The current debate was initiated by K. Subrahmanyam acknowledging in his Indian Express column that, “Professionally, Indian armed forces officers have a duty to anticipate such adventures by our potential adversaries in future and plan to forestall them. It would be justified to think about such a contingency...” He is however, of the opinion that, “the international situation has radically changed with the end of the Cold War” and that “most strategic opinion today discounts the possibility of a war among major powers with nuclear weapons.” Therefore he avers that “the choice of the term ‘two-front war’ appears to be inappropriate.” He instead prefers that, “In such circumstances what should be planned for is exercise of deterrence and dissuasion in each case using the most modern technology available.”

    The crucial question remains as to the response in case deterrence fails. The military’s options could be called for in short order. Doctrinal preparedness enables relevance by preceding such an eventuality. Strategies of response would require being mindful of prevalent doctrine. In case Indian Army had continued with an attritionist mindset, it would not be able to cope with the political demands on it in such circumstance. Therefore its shift over the past decade has been warranted. This is arguably the appropriate doctrine to underpin conflict strategy, even if a war of manoeuvre in a short, limited war, is not, in the event, the preferred political choice. Not enabling the option would be a lapse on part of the Service.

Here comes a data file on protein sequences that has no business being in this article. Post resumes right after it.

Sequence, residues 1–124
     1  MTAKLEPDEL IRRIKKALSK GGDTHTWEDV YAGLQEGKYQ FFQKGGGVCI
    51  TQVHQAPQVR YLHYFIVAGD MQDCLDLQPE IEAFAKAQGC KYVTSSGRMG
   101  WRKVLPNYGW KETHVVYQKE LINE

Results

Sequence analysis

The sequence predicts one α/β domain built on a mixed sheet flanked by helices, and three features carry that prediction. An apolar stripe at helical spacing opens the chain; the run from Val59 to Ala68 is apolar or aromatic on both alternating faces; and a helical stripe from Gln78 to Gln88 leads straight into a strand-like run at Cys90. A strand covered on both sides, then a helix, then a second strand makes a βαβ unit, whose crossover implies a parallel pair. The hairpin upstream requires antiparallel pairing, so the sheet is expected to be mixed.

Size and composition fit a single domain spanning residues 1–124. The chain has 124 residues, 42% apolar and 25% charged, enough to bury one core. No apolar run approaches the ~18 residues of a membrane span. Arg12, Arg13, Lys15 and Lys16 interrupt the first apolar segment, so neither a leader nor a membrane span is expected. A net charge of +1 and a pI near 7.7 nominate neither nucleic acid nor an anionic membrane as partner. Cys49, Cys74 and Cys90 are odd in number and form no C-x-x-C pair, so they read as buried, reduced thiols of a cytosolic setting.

That this movement has made an impression across the border is evident from Pakistan’s Army Chief stating, “Proponents of conventional application of military forces, in a nuclear overhang, are chartering an adventurous and dangerous path, the consequences of which could be both unintended and uncontrollable.” This implies that the conflict option would have to be deliberately thought through, along with alternatives to conflict being discussed in interdisciplinary forums alongside as suggested by Subrahmanyam, particularly since the nuclear angle, perhaps alluded to by Kayani, requires being factored in. What is its profile in a ‘Two Front’ War?

    India professes No First Use as a principal plank of its nuclear doctrine, one diluted to an extent by the tenet of consideration of the nuclear option in case also of a major CBW attack. China also subscribes to the NFU, though believed to be qualified by it reserving the right to use nuclear weapons first on its own territory. In case territories it claims are taken by it as its ‘own’ then these would not be covered by the NFU. The Indian perspective of the Chinese NFU has it that it does not apply to Indian areas claimed by China. Pakistan, on the other hand, not having declared its nuclear doctrine, is believed to be preserving the option of ‘first use’.